Commercial property transactions thin on the ground, but still plenty of appetite for vanilla

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Ross Wilson, Director at DM Hall Chartered Surveyors

At a cursory glance, there is no shortage of reasons to be apprehensive about the state of the Commercial Property market in Scotland, but it has to be remembered that superficial analysis never put a shilling in anyone’s pocket, says Ross Wilson, Director and Head of East Agency at the Edinburgh commercial department of DM Hall Chartered Surveyors:

Looking under the top layer of woes regarding the constantly-changing political environment and ever greater financial tax impositions, the fact is that the reasons for solid optimism outweigh natural gloom quite handsomely.

In Edinburgh and the east of Scotland, where I have my base of operations, the market – particularly in the capital – currently is very healthy.  Transactional activity is slightly down, but that is not due to investor sentiment or a lack of funding but entirely down to shortage in stock.

The appetite for owning commercial property has rarely been more voracious. Investors simply cannot source or secure the opportunities sought.  Properties which are openly marketed that have the right attributes of financially strong tenants, long unexpired leases, passing off at a fair rental with medium term rental growth in proven locations are attracting healthy levels of interests which results in multiple offers being received at closing dates.

The supply of opportunities under the £3 million price bracket in the Capital is somewhat limited and is heavily outweighed by investment demand.  The interest in property as an asset class is there for three simple reasons:  the real returns on offer relative to other investment classes; sustained historically low interest rates with low returns being offered on bank deposits notwithstanding the comparatively cheap cost of finance and it’s a tangible asset which you can physically improve.

There is a significant pool of cash rich investors seeking to deploy their money more efficiently and to get it working all seeking the Vanilla Assets.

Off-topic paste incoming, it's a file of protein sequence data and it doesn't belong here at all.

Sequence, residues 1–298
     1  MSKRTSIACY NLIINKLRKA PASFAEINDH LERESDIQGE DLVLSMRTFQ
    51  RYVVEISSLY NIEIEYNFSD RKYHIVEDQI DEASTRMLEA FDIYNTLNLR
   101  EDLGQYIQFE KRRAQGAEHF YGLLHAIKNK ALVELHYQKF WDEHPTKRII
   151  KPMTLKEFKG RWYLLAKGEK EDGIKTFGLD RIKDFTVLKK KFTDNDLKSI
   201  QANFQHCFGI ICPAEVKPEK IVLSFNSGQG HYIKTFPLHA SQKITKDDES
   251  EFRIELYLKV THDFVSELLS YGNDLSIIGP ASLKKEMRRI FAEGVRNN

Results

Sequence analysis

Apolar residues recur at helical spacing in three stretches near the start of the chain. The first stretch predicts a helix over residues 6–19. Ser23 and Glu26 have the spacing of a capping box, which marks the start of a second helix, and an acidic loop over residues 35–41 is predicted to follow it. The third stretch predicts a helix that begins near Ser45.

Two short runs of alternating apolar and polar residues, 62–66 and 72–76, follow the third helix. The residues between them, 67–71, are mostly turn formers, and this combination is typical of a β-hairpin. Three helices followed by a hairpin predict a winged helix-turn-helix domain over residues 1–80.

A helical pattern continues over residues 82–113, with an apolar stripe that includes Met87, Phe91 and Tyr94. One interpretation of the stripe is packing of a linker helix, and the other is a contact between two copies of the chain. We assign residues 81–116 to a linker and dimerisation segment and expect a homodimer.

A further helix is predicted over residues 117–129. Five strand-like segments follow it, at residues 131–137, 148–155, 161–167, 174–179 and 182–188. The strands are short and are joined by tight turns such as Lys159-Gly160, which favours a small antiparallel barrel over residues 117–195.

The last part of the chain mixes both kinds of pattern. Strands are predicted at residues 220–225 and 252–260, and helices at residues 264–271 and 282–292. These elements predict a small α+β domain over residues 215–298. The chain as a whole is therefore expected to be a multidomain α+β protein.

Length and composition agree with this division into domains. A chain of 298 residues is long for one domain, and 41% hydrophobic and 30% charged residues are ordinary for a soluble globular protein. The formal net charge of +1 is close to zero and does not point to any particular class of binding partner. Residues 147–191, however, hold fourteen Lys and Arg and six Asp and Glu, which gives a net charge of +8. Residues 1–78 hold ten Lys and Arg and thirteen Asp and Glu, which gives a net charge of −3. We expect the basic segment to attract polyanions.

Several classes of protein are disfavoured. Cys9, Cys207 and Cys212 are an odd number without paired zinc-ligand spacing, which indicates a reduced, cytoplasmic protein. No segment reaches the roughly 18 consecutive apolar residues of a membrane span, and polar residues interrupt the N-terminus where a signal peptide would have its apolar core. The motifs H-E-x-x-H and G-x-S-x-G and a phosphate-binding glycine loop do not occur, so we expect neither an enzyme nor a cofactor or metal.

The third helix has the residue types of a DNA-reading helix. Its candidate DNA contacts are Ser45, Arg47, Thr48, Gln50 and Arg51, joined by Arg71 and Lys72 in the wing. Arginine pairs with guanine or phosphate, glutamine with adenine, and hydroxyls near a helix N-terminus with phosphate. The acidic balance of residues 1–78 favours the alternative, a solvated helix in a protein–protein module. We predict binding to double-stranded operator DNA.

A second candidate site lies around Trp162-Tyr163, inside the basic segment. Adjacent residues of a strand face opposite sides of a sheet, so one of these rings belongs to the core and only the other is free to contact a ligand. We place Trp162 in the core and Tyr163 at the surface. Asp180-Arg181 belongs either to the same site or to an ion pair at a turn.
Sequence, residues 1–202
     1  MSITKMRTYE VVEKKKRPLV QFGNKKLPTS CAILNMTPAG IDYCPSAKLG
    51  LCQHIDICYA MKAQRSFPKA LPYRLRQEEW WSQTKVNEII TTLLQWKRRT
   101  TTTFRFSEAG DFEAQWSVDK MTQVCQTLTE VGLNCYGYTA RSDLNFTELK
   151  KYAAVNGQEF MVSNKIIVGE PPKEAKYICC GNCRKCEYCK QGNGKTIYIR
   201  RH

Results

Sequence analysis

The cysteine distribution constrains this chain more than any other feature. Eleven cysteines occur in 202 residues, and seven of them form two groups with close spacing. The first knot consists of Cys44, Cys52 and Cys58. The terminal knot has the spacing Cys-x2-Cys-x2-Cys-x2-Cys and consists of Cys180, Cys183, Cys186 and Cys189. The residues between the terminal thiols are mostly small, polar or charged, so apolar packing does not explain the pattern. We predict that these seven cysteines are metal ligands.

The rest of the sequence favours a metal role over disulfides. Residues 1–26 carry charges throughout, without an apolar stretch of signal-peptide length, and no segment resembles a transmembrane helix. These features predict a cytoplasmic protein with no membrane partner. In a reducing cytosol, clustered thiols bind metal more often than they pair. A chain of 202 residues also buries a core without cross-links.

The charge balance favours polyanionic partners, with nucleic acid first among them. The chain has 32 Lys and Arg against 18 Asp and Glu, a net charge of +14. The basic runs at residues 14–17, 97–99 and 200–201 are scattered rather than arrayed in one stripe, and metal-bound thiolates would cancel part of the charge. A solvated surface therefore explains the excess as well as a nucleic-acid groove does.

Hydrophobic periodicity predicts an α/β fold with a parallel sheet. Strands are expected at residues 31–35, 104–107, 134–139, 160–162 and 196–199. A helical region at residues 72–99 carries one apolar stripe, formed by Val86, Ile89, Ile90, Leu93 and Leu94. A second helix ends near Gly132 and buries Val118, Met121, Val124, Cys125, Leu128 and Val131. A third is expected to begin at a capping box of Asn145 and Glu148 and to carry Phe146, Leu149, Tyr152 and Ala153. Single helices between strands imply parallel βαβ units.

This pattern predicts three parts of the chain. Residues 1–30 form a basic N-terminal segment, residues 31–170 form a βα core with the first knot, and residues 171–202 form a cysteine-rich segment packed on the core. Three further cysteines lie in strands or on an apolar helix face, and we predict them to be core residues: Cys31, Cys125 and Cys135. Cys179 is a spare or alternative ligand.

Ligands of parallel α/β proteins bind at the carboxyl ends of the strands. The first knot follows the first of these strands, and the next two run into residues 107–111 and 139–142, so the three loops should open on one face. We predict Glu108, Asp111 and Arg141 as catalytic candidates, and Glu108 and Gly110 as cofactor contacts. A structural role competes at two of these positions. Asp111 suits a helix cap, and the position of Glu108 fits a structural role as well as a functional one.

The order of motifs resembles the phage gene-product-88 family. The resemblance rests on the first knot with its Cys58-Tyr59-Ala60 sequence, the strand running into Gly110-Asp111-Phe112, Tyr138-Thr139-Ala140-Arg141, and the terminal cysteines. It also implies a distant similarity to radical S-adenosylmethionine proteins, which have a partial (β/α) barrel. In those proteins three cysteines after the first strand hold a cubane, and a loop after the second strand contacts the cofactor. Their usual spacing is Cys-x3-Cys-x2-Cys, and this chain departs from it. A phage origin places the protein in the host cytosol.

The lack of availability in the Capital is consequently having a positive knock-on effect in the regions.  Investors who are not able to get a bite in the city centres are being forced to look further afield to find a home for their money.

Every region is different and successful marketing still depends very largely on the fundamental criteria of the right property in the right location, priced correctly.

Investors are unique though and they all have differing attitudes to risk. Some simply want long dry secure income for 10-15 year term certain offering low risk and lower returns. Others actively seek shorter term leases which present active asset management opportunities yielding greater returns.

Against the back drop of Indyref 2 and Brexit, some might err on the side of caution, but my view is that there are unparalleled opportunities for the optimist.

The Scottish Government has also finally tried to help rather than hobble the market, certainly at the lower end, with an increase in the 100% small business bonus rates relief threshold from £10,000 to £15,000.  It has also lifted the level at which a supplement is payable from £35,000 to £51,000 whilst reducing the uniform business rate (UBR).  These welcomed enhancements reduces the cost burden on tenants which will assist and should increase letting activity in the secondary market and cannot be anything else but a fillip to the wider commercial environment.

The industrial sector, however, is still going through a slight transition following the removal of 100% empty property relief. There is the possibility that demolition will increase as an alternative to paying for a non-productive building whilst some are offering enhanced lease terms to mitigate vacant holding costs.

But in line with the theme of optimism, this may bring a healthy dose of natural selection to the industrial side with the laws of supply and demand facilitating reasonable rental growth prospects in the medium term.

The root of the matter is this: those who have weathered the storm since 2008 have almost certainly refinanced on fairly competitive terms and are not going to realise the value of their assets unless they have other more lucrative investment mediums in which to park their capital.

They are not going to sell and have their money languish in the bank – and while that scenario remains, so will the current lull in transactional activity.